The social science of generational divide is contentious. The supposed characteristics or values of a generation don’t apply to every single individual within that generation. People don’t like to be pigeon-holed into traits they don’t identify with. But also, and more recently, there’s been a growing distaste for generational labels because too often, a generation’s characteristics are leveraged against them to devalue their opinions and goals.
Millennials are such snowflakes.
I’m a Millennial. (Could you tell?) My generation has been gaslit across every sector of society. I’ve personally seen it in mainstream media and in conversation with acquaintances, colleagues, relatives, etc.
We get so wrapped up in putting down generational traits or in fighting back against the generation that put us down that we forget there are actually generational strengths.
I want to take a little space to talk about one particular strength of Millennials.
I’m calling it: Reveling in the Ridiculous.
Millennials have been through events that have seen the America we thought we knew rewrite itself around us. 9/11 and “the War on Terror” are perhaps the most salient examples from our childhoods.
We’ve seen wild technological innovation. We made the transition from no internet, to internet; from corded handhelds bolted to the wall, to smart phones with bluetooth.
We’ve been through some extremely difficult economic situations. The housing crisis of the late ’00s (which seems to be ongoing) set us back, just as we were young adults, trying to establish ourselves in the working world. Many of us lost or weren’t able to find jobs, so we went on to upper-level education, and now, we are overeducated and still underemployed.
We’ve realized capitalism isn’t necessarily set up for health, happiness, or a satisfying life.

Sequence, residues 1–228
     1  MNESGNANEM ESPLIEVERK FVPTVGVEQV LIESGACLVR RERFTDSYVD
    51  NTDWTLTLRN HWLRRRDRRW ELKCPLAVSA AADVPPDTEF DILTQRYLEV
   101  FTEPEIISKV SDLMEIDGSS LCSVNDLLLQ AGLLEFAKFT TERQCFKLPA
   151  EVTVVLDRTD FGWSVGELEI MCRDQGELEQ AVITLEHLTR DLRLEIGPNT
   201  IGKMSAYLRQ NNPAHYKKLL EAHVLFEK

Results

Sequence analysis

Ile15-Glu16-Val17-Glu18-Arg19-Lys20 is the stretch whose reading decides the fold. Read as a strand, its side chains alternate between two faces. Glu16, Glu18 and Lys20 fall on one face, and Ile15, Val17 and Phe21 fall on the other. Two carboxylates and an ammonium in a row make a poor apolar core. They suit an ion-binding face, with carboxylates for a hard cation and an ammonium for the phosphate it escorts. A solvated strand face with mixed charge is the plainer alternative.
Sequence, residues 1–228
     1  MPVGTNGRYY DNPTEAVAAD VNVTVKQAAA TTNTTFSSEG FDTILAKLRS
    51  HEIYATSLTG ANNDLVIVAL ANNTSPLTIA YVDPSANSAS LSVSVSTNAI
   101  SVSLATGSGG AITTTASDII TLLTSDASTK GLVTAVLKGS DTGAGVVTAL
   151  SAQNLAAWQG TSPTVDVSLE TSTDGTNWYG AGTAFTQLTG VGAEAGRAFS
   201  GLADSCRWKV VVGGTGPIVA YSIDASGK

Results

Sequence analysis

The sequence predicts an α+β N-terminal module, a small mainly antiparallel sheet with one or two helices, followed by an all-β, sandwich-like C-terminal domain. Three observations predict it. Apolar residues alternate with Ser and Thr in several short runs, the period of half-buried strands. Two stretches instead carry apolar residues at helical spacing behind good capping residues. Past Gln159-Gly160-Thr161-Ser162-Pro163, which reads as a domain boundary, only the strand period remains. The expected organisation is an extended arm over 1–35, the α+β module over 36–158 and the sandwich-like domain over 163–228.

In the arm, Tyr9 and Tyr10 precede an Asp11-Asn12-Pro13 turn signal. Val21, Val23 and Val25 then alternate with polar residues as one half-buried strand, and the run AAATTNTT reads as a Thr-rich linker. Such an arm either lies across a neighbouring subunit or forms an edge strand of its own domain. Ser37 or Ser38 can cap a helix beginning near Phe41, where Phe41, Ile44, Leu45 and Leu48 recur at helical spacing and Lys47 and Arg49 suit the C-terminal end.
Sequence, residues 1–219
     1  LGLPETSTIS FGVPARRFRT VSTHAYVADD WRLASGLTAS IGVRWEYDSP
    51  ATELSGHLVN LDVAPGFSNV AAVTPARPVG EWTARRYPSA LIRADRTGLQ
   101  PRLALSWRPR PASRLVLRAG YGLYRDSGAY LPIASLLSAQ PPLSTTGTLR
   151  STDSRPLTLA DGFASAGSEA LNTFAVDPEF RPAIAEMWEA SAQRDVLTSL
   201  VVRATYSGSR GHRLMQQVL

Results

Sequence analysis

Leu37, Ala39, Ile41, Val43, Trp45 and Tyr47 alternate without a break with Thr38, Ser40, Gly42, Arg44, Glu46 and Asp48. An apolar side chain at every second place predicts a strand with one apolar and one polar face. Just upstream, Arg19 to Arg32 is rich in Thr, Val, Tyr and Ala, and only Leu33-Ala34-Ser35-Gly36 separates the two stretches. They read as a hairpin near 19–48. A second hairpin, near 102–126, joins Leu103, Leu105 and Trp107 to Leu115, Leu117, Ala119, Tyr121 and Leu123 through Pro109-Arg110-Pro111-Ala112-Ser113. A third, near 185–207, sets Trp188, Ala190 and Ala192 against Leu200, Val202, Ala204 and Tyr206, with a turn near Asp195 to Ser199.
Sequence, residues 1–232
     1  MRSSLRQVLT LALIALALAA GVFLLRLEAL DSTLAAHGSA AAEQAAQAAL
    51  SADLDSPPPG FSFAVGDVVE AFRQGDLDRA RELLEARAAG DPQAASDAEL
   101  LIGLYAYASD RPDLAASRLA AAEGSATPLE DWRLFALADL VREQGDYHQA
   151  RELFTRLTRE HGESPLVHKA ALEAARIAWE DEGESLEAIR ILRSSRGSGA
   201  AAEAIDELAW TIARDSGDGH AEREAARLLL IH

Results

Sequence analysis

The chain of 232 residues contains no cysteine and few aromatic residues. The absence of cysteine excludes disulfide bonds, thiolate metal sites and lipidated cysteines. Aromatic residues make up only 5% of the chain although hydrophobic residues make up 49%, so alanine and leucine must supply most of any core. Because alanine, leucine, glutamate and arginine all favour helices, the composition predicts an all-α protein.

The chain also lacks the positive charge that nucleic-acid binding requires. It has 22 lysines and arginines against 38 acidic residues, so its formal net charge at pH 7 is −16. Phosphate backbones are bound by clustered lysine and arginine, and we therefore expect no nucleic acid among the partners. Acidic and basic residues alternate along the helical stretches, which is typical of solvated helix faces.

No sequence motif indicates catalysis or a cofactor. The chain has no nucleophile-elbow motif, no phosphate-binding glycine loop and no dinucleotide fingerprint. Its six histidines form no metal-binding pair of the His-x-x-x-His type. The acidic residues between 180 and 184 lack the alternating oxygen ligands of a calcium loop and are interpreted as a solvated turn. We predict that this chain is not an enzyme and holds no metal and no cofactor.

As experienced adults, we watched an unhinged political administration do a ton of damage, here and internationally.
We watched the world be devastated by a pandemic that (again) changed how the world worked.
We watched the birth of a new Civil Rights movement erupt in protests across the nation.
We watched the only attack on our Capitol since 1814.
There comes a point when a Millennial can’t take one more natural disaster, one more oil spill, one more piece of bad news.
Millennials invented the internet meme. We cut our teeth on I Can Haz Cheezburger and I Don’t Always…, But When I Do… But now, to deal with the layers of instability, disappointment, and trauma, our sense of humor has evolved into a coping skill.
We deal with the absurdity of this post-post modern, post-capitalistic, pandemic-devastated dystopia by Reveling in the Ridiculous.
Austin Archer’s content is what inspired this essay. Here is an obviously talented musician, composer, and artist, working in multiple media, who is using his skill and intelligence to create well-written, well-mixed, songs that revel in the ridiculousness of social and political situations.
Isn’t this song kind of…mean, though? Petty? What’s the point of calling out Tucker Carlson like this?
The answer lies in the sheer powerlessness Millennials have felt over extremely important situations (fear mongering, misinformation, overtly hostile pictures of their generation painted in the media, wars, etc.).
What is an underemployed, overeducated Millennial supposed to do when they’ve stored up a lifetime of disillusionment, and then they hear one…more…stupid…thing…
Where does that energy go? I mean, we can’t all be as lucky (or bold) as that guy in Montana.
For Austin Archer, and for many other Millennial internet users and content creators, they cope by Reveling in the Ridiculous. By making something to laugh at. Because laughing at something is still safer than attempting to burn it to the ground.
At least for now.
5 Easy Steps to Practice Reveling in the Ridiculous
- Notice that bubbling feeling of “it’s all too much-ness.” It’s usually characterized by anxiety, anger, helplessness, the desire to drop-kick your phone/tablet/laptop into the sun, and experienced after hearing bad news of some kind.
- Dissociate from your emotions. Don’t engage in destruction. Subvert it. Ninja-dodge it.
- Tap into a deeply ironic sense of humor. Don’t look on the Bright Side. Look on the Dark Side. Specifically, how could this be worse (ex., Godzilla reincarnated, asteroid strike, robot apocalypse)? The more specific the details, the better. What’s the most childish response you can think of? Lean into it. Push it even farther.
- Make something. Record your Ridiculous Revel by drawing, writing, photographing, composing, etc. Use an existing meme structure or create a new meme.
- Share it to your socials. Because you have a responsibility to your Fellow Millennial to help them Get Through This. After all (cues High School Musical soundtrack), “WE’RE ALL IN THIS TOGETHER.”